By continuously observing thechange in safety climate through some quantification of these events it isindeed possible to forecast the occurrence of a real incident. Theunsafe factors contributing to accidents are classified and graded according tothe four factors: · Probability ofdanger (PD)- the likely hood of danger in the observed event to become real.· Frequency ofwork exposure (FE)- the likelihood of worker exposed to the danger in the observed event.· Number ofpersons at risk (RN)- the possible number of people affected by the danger inthe observed event should the danger become real,· Maximumprobable loss or severity (MPL)- the maximum possible losses associated with thedanger in the observed event should the danger become real. Assigningweights in a scale of 1-15, with 1 being lower end of the continuumrepresenting unlikely, infrequent, less number of persons at risk, and ifincident does happens results in minor injury while a score of 15 at the other end of continuum represents certainty,that which happens several times aday with 50 plus persons at risk, andresults in near fatality. Scale 1-15 Probability of danger (PD) Frequency of work exposure (FE) No of persons at risk (RN) (MPL) Max Prob Loss 1 Unlikely though Conceivable Infrequent 1-2 Minor injury 2 Possible but unusual Annually 3-7 Treatment at hospital, Influence hearing 5 Even chance-could happen Monthly 8-15 Head injury, body chemical burn, equipment damage, environment pollution 8 Probable not surprised Weekly 16-30 Eye injury, electrical shock or causing plant shutdown. 10 Likely only to be expected Daily 31-50 Disablement 15 Certain-no doubt Several times/day 50+ Fatality The grading are subjective and likely tochange according to the particular plant/facility being applied.
The Risk Index (RI) is the geometric averageof the four factors as listed above:RI = (PD x FE x RN x MPL)1/4Theuse of geometric average rather than arithmetic means is due to the fact that all factors are related to each otherrather than truly independent. 3.1An example:- Atechnicians works at a platform in monkey board area of rig mast with a broken ring fence to service a light fitting, he has a potentialto fall from this 8 m platform. Thegrading is as under:Probabilityof danger (PD)- score =8; from safety observation it was found the platform hasbroken ring fence, hence practically no barrier. Frequency of work exposure (FE)-score =8; bi-weekly service. Number of persons at risk (RN)-score =1; one person works for this job. Maximumprobable loss or severity (MPL)-score= 10; fatality or disability in case offalling down from the platform.
RiskIndex (RI) =(8 x 8 x 1 x 10)1/4 =5.03, this is more than safe zone RI of 3,so the installation is unsafe and calls for immediate action. Thetype of factors and the grading of each factors can be adjusted according tothe type of occupancy, operation, focuson risk, etc. More factors can be added and the generalization of the RIis nth root of products of then-factors.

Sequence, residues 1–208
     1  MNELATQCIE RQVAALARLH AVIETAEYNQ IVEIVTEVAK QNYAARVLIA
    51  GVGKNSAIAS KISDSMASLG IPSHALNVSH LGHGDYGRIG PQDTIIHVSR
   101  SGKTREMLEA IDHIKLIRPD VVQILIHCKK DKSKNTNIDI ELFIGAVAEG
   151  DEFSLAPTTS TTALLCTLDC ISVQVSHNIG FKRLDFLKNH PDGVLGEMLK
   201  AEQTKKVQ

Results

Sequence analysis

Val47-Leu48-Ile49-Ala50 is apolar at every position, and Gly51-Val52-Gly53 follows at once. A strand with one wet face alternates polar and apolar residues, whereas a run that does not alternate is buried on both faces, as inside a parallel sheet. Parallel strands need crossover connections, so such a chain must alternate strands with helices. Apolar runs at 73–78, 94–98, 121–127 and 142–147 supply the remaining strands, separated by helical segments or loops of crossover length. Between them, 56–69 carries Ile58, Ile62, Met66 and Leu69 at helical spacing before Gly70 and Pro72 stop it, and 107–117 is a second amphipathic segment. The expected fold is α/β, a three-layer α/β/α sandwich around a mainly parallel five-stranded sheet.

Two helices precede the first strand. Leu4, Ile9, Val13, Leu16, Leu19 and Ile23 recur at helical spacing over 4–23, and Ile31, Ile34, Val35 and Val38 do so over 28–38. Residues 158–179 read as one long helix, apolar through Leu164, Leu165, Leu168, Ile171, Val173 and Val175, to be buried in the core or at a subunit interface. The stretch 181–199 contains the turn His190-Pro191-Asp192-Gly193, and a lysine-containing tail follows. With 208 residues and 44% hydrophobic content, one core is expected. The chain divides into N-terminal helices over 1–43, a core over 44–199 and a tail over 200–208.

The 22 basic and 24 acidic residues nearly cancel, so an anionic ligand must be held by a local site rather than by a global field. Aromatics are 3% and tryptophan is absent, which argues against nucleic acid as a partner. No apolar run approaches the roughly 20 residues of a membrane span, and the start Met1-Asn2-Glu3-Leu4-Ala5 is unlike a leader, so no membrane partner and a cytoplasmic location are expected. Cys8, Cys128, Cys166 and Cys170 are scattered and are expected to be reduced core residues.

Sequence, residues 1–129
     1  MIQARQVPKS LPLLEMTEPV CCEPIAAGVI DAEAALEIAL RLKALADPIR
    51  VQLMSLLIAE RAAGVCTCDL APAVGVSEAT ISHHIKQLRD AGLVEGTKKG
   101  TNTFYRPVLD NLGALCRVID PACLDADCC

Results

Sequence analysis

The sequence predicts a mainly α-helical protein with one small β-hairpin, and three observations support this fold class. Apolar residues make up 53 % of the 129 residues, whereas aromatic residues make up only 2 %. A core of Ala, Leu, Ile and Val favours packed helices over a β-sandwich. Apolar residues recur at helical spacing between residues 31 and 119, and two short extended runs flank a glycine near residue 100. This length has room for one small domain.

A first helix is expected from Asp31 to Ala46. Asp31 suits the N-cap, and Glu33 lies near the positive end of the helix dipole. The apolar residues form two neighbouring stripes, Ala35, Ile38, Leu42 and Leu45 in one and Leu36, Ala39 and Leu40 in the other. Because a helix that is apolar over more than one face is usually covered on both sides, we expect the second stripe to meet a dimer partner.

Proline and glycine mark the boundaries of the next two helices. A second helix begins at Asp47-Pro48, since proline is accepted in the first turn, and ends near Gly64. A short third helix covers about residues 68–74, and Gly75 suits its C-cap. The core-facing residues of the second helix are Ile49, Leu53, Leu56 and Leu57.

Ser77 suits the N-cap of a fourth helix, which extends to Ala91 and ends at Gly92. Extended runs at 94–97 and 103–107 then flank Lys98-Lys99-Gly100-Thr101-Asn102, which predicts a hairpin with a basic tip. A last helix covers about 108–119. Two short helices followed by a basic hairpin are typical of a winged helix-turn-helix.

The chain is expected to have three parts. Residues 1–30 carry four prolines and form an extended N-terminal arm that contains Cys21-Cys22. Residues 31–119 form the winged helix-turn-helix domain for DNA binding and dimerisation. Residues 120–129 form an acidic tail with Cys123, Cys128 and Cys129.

Theobservations needs to be performed in a regular interval, to gain immediateinsight in the safety performance. A word of caution here- the observation ofunsafe acts is not an audit. The person being observed bears no penalty, however he should beinformed of the unsafe acts or condition. A record is then made of unsafe actor condition.Operation faults that leads to onlyemergency stop of operation is not listed as incidents in the present case.Incidents occurred not in facility are also discarded. Compiling of grading of all theobservation calculate the average riskindex and compare it with incidentsoccurred. The annual average RI is a good indicator of safety performance.
4.0Predictive Risk Index (PRI):- If we plot the time series of RI for years. The sequence of RI is scattered which reflects the statisticaldistribution of the observations. Themoving average generally give a goods insight of the time series resulting in asmooth, oscillating curve from which sufficient inference can be deduced. This movingaverage of 15 consecutive observations of RI is defined as Predictive RiskIndex (PRI). PRIis purely a moving average of past observations, yet it trend successfullypredicts the occurrence of incident.
Not every peak in PRI trend leads to anaccident, but a raising PRI trend does have a greater chance of occurringincident. PRI > 3 Warning Zone PRI > 4 Action Zone-immediate action warranted to prevent incident occurrence. PRI < 3 Safe Zone- plant considered low risk for accident.
· The increasedactivities in the plant will certainly result in more unsafe acts, which meanshigher PRI. · The otherfactor affecting PRI trend is educationand training. Effective training should bring more safety awareness to workers,reduced unsafe acts thus bring down PRI. Thus PRI can be used as a measure ofthe effectiveness of training or education. 4.
1 Inference from PRI trends:- Raising PRI When PRI goes above warning level- It is likely to have an accident The PRI value after the incident may be raising or falling depends on how the incident has changed the worker’s awareness. Persistent high PRI PRI reaches a warning level but incident did not occur immediately Not every unsafe act immediately meets the condition to incident, however persistent unsafe actions or conditions eventually lead incident unless actions are taken. Oscillating PRI The PRI is raising and falling If PRI is oscillating in high level and if the incident did not raise sufficient awareness or if the action taken too late then PRI rebounds and incidents are also likely to occur, .